Rajesh Bajpai and colleagues write that bamboo "with over 5000 applications, should be considered as the best amongst other known biomass resources, but, it is still not used extensively. This is the world’s largest grass and already known to us for its thematic uses like in construction work, furniture, utensils, fiber & paper. It has got huge potential to bring revolution as a bio-energy resource. Time has come to explore its usage as a renewable energy resource. But, it is not something newly explored; it is already tested but needs huge awareness buildup among the common people considering it's importance as a biomass energy resource, environment protector and poverty alleviator. This is Bamboo. Although a non-wood plant it is called as tree."

"As a bio-energy resource it can meet both thermal as well as electrical energy requirements and thereby can give energy security to the rural people. From the time immemorial we are heavily dependent on biomass resources for meeting our thermal energy requirements. We had a plenty of this resource and so, we used them indiscriminately without giving much thoughts on its conservation. And the result has been huge depletion in forest cover. In some areas the situation is so bad that poor villagers need to purchase fuel wood or walk miles to collect the fuel wood."

"Besides higher biomass, bamboo has other advantages over wood as a carbon stock. Unlike woody crops bamboo offers the possibility of annual selective harvesting and removal of about 15-20% of the total stock without damaging the environment and stock productivity. Over 90% of bamboo carbon can be sequestered in durable products such as boards, panels, floors, furniture, buildings, cloth, paper and activated charcoal. These products have a very long life span and may retain carbon for several decades. The annual biomass and carbon sink per hectare of many bamboo species are comparative to wood tree crops, such as eucalyptus or teak. It can sequestrate CO2 in the form of 12 T per hectare of plantation."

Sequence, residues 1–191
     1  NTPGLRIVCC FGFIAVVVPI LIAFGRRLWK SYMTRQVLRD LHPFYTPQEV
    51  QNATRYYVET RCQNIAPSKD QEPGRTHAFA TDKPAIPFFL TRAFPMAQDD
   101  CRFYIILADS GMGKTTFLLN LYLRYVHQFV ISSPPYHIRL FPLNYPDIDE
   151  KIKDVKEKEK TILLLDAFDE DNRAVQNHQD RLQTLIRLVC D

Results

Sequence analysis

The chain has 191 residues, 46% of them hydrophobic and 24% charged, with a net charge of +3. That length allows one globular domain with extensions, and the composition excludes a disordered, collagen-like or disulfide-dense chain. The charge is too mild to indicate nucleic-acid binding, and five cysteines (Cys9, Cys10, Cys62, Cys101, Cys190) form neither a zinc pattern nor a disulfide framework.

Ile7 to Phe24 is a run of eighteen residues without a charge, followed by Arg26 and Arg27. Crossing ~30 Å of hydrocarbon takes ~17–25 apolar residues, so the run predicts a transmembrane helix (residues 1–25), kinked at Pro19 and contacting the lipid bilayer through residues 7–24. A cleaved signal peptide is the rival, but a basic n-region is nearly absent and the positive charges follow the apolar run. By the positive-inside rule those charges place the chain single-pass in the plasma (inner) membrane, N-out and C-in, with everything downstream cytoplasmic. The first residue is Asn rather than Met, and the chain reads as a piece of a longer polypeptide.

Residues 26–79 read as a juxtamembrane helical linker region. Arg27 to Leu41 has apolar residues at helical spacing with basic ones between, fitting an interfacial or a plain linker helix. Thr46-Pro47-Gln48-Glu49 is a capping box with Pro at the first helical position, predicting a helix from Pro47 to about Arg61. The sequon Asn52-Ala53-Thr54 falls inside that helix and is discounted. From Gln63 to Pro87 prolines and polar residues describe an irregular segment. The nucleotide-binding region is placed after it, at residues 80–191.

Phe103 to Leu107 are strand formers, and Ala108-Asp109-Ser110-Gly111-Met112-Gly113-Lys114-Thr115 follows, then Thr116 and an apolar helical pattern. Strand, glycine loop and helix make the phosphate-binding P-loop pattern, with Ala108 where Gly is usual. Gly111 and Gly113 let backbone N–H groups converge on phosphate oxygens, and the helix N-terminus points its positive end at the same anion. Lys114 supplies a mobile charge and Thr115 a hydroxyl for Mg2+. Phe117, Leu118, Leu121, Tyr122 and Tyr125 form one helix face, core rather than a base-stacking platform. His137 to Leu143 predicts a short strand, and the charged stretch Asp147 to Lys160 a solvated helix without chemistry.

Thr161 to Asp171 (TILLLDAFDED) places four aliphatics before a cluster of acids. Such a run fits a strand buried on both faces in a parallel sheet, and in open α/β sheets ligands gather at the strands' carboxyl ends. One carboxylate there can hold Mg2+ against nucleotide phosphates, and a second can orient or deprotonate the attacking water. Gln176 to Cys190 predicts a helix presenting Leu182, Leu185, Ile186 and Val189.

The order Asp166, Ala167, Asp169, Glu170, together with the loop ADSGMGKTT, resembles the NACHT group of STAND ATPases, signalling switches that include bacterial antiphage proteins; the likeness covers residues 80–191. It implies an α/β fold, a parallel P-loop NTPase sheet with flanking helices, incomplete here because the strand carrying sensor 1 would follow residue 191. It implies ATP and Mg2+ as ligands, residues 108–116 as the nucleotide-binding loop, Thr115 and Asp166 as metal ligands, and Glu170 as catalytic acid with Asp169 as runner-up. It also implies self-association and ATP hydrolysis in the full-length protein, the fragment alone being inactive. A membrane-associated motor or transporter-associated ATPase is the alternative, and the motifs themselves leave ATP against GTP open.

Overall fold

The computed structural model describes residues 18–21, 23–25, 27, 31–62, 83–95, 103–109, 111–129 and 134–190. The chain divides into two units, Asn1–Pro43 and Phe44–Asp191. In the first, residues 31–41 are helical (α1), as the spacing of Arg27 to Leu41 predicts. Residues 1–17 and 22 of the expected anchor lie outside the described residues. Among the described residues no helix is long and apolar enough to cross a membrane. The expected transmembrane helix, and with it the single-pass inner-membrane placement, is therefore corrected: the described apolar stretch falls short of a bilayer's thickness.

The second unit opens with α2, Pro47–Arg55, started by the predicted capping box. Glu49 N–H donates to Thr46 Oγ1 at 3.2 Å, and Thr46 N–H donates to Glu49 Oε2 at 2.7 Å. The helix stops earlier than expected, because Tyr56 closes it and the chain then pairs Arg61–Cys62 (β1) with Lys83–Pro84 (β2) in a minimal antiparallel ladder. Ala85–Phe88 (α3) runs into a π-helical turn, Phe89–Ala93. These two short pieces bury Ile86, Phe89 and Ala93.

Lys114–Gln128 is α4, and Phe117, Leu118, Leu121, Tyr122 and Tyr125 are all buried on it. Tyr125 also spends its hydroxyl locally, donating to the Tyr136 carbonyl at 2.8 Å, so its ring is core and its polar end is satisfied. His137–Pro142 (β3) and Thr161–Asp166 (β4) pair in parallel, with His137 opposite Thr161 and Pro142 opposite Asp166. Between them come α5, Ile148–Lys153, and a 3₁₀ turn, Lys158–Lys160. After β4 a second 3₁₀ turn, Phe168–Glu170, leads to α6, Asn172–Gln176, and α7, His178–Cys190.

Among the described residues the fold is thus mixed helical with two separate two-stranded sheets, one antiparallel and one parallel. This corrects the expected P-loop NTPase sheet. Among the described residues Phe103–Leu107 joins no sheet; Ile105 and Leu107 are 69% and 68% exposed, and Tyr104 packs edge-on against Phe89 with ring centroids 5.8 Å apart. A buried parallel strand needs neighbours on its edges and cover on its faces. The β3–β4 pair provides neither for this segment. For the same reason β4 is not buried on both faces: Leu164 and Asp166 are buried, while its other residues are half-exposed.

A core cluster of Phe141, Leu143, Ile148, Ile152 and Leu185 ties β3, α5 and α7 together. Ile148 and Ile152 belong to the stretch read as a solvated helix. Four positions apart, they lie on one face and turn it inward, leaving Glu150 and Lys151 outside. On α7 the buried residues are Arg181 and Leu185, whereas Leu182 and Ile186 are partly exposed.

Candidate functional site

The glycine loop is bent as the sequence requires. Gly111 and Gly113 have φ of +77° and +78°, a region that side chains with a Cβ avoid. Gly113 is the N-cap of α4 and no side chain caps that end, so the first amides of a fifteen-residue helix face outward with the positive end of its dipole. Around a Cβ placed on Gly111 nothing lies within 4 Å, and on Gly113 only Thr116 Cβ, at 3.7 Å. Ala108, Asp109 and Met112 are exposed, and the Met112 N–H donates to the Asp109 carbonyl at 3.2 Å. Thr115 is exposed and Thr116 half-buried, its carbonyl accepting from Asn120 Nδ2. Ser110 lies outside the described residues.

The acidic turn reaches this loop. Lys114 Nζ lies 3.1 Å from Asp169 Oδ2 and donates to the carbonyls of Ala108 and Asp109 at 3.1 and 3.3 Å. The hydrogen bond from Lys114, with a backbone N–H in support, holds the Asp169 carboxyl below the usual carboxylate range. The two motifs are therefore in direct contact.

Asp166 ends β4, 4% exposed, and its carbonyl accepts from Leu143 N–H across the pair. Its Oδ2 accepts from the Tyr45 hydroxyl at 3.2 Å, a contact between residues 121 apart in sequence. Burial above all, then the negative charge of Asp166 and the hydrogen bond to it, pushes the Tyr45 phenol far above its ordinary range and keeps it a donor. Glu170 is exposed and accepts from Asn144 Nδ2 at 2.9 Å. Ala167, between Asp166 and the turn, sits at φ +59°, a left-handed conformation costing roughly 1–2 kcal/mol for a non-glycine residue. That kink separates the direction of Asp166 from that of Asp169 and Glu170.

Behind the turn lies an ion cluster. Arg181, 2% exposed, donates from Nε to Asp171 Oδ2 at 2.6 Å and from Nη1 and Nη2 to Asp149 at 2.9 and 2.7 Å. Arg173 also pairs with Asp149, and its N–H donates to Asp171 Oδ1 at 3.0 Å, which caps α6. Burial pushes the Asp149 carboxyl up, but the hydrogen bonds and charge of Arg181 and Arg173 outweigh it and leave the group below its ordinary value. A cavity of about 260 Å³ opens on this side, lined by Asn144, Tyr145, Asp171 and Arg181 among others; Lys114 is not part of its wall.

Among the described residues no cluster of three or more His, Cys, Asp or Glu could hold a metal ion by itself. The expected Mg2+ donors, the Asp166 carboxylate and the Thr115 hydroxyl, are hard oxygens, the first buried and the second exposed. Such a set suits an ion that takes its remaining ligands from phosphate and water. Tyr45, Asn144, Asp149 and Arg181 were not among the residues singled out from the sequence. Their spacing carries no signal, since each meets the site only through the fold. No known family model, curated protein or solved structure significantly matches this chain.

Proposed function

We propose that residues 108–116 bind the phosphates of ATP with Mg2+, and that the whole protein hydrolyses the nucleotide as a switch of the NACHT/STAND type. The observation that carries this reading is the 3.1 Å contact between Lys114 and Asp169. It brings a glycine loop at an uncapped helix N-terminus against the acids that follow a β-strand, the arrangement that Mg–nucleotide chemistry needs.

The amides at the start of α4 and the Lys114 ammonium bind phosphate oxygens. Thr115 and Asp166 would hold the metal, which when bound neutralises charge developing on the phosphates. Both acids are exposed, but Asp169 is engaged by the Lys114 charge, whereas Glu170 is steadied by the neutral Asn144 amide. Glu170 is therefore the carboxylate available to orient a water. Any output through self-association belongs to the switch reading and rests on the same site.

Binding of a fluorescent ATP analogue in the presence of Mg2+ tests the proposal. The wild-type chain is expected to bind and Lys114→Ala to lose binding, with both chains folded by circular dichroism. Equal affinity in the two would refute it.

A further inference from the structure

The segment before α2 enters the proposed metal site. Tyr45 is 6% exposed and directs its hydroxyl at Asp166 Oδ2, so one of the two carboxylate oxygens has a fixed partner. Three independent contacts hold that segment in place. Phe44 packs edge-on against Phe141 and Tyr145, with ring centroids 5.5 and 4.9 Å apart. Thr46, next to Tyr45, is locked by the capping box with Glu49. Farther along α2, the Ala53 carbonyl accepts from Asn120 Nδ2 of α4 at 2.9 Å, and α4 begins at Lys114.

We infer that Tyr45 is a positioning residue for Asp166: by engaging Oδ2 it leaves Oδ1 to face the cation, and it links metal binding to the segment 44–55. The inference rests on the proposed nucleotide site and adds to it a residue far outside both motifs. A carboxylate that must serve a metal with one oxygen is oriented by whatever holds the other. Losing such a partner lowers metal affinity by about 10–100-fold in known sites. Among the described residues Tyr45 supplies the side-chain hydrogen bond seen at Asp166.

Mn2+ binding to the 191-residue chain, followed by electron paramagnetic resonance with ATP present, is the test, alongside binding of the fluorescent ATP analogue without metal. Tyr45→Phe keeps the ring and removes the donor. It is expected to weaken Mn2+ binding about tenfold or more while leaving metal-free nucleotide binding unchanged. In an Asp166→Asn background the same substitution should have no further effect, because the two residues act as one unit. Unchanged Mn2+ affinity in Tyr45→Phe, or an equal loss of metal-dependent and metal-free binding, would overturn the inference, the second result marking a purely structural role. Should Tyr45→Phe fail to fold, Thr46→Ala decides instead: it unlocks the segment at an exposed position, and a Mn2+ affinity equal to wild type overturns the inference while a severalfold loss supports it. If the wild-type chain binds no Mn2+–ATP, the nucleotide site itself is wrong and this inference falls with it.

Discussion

"Bamboo often grows on small plots on marginal lands managed by poor people. It is possible to group many small plots under one project. Such groups could qualify for carbon trading as small scale forest project."

"In ancient Chinese culture it was believed that a gift of living bamboo would bring good luck. So, lets start preaching this practice in our country also in order to bring good luck to energy, environment and people."

Read the article in full here Bamboo Energy Utilisation


Dr. Rashmi Tripathi, Lecturer in Brahmanand College,
Kanpur & Rajesh Bajpai, SPA,
World Bank Project Cell,
MNRE New Delhi
email ID –energy_raj@rediffmail.com